Readers respond to our print, web and social media posts
I join you in your empathy for refugees. Charity demands a positive response to their plight, and, as you said, it begins with the problems in their native lands, where they would certainly prefer to stay.
But there is a problem indeed! Whenever this “most powerful and wealthy country in the world” steps in to help in those places, we invariably end up seen as hated and reviled invaders, enriching corrupt leaders, and fighting endless wars that kill a lot of innocent people.
Red Bank, Tennessee
Your “From the Editor” column in the November/December 2018 issue of MARYKNOLL states that something is missing from the debate about migration and indicates that it is “why.” We feel that this is a false choice and does not bring into discussion many other issues that need to be addressed.
No country can exist without laws that are enforced, and all countries have the right to enforce their borders and establish requirements for immigration. No country could exist with unrestricted immigration. All of the immigrants from Central America forced their way into Mexico, where they were offered sanctuary and work, but wanted to go to the United States because of the better economy. It is not the responsibility of, nor is it feasible for, the United States to solve all of the world’s problems.
Our immigration laws are broken and make no sense. They need to be fixed, but politics will prevent this. The countries that created this problem need to fix their own countries, although we don’t expect to see that happen because of politics and greed.
All of these issues need to be addressed, not just the “why.” Before you reject this opinion as from someone who is a crazy conservative or “nationalist,” my wife and I have two adopted children, and one of them, our daughter, is an indigenous Aymara from Puno, Peru, whom we adopted in 1974 with help from a Maryknoll priest.
Henry and Jane Meisner
Editor’s note: Thank you for your response and opinions, which reflect the fears and concerns of many people in our country. Your points on the rights of nations to border controls and security are fundamental to any nation, as is your point that the United States cannot solve all the world’s problems. Likewise, we agree our immigration laws are broken, and politics impedes reform. Politics during both the George W. Bush and Barack Obama presidencies doomed efforts by both men to pass bipartisan immigration reform. The decades-long influx of undocumented immigrants, largely from Mexico, as well as the current flood of migrants from Central America, is a regional issue. Proclaiming the Gospel has prompted Maryknoll missioners serving in developing countries around the world over the last 50 years to question the “why” of systemic poverty and injustice and to look for the root causes of these maladies, and by addressing them, help the impoverished, marginalized and oppressed. Border security and immigration reform are important. It is also important to address the underlying causes of this migration if we are to promote the transformation of our world that the Gospel demands.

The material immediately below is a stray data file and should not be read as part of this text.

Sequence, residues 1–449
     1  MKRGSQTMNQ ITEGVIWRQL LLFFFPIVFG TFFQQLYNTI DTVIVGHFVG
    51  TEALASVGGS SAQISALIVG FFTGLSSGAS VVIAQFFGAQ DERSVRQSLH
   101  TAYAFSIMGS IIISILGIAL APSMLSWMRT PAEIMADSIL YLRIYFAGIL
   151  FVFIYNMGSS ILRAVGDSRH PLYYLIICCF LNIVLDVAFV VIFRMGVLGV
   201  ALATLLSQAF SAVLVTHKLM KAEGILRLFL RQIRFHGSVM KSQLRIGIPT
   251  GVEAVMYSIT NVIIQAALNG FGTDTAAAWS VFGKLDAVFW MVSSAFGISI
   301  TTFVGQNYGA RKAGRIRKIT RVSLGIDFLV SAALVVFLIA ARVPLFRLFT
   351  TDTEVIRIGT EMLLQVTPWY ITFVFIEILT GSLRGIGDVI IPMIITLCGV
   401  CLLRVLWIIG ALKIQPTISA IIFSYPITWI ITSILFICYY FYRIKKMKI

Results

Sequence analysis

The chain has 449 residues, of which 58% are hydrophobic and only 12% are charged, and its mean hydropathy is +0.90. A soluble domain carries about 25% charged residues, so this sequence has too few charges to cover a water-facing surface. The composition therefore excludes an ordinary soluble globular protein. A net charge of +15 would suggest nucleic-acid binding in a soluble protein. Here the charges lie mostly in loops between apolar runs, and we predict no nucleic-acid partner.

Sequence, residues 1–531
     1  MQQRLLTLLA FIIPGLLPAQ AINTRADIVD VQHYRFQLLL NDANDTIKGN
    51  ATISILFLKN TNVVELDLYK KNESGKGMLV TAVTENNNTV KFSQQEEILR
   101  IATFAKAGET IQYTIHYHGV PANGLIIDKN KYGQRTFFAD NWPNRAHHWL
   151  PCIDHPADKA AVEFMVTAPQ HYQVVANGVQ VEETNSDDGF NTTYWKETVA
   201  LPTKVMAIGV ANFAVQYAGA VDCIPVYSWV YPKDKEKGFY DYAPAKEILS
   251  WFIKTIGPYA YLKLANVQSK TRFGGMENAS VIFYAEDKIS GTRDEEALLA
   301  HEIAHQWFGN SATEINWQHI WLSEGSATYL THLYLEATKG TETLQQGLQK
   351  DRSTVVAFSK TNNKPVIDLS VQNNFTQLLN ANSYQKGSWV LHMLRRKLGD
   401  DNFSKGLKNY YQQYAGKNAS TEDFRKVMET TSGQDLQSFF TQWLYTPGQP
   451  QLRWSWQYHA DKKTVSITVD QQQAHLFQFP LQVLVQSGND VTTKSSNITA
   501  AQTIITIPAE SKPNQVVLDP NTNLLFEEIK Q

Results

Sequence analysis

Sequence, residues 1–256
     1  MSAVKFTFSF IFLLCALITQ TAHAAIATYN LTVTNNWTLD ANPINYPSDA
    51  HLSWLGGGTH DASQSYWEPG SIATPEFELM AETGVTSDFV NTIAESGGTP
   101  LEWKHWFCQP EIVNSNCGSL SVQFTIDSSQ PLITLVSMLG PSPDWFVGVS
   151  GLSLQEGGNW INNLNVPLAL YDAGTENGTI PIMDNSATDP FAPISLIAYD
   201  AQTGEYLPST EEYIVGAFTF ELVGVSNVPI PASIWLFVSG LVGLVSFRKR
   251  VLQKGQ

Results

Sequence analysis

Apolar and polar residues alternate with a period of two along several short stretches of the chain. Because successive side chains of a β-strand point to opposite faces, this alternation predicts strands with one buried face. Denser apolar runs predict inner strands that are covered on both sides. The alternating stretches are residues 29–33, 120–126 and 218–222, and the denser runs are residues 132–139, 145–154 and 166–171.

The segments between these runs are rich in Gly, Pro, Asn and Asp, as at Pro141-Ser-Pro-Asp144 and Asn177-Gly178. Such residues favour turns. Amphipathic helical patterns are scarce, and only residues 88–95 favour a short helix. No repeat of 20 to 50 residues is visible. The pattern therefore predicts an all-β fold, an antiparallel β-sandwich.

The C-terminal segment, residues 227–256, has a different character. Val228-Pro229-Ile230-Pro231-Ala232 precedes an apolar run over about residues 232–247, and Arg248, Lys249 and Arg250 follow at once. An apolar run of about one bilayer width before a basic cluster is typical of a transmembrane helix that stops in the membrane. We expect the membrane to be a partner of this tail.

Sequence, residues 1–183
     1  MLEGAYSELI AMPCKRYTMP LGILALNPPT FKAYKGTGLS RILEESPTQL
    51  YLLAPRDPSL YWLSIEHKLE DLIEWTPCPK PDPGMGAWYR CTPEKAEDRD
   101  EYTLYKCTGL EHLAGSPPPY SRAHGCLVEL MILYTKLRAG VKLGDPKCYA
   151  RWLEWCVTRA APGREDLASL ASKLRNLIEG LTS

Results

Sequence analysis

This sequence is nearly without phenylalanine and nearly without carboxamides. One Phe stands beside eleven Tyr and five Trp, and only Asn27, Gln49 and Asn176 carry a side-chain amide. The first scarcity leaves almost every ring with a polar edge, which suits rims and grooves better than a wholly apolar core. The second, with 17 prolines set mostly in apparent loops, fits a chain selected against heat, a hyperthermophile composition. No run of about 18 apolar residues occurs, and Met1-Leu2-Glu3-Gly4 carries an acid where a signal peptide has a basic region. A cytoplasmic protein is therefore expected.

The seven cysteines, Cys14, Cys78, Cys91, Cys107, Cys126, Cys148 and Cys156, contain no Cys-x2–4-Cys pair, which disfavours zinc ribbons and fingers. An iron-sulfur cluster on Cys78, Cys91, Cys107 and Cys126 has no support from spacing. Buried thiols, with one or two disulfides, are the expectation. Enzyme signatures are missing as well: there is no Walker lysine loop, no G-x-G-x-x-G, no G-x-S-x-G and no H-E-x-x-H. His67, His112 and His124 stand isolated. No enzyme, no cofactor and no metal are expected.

FUTURE AT STAKE
In the letter entitled “Case for Oil” in your November/December 2018 issue, the writer states, “Climate change is a natural occurrence.” She later adds, “It is possible to burn fossil fuel without polluting.” It appears that the writer discounts completely the negative impact of human actions on the climate and the urgent need to alter these for the good of the planet.
It is imperative that people concerned about the future of the planet inform themselves, using credible sources such as the October 2018 report from the United Nations about the disastrous impact that certain policies and actions are having on our environment and the earth’s climate. What is at stake is the future of the world and all of its inhabitants.
The picture for the story “The Greatest Story Ever Lived” on page 11 of the November/December 2018 magazine broke my heart. I did not focus on the picture of the people portraying Mary and Joseph but on the suffering of the donkey. The cruelty of a ring in its nose, pulling it along and the pain in its eyes are what I will remember. God created the animals, too, and they should be respected as such.
Mount Dora, Florida
I was disappointed by the dismissive attitude toward Father John Dear by the letter writer in the July/August 2018 issue of MARYKNOLL under the heading “Evil Breeds Violence,” and the writer’s cynical opinion about the pervasiveness of greed and violence in all segments of society. I do not believe that passive resistance as practiced by Father Dear, in the footsteps of such forerunners as Mahatma Gandhi and Martin Luther King, and his willingness to get arrested in the process is “a form of violence itself.” On the contrary, it is the opposite of violence. Neither do I share the opinion that “corporations are people.” That mistaken belief was the basis for the flawed U.S. Supreme Court decision in the “Citizens United” case, which launched the unlimited flow of unaccountable money into political campaigns—to the detriment of American democracy.
Nicholas A. Stigliani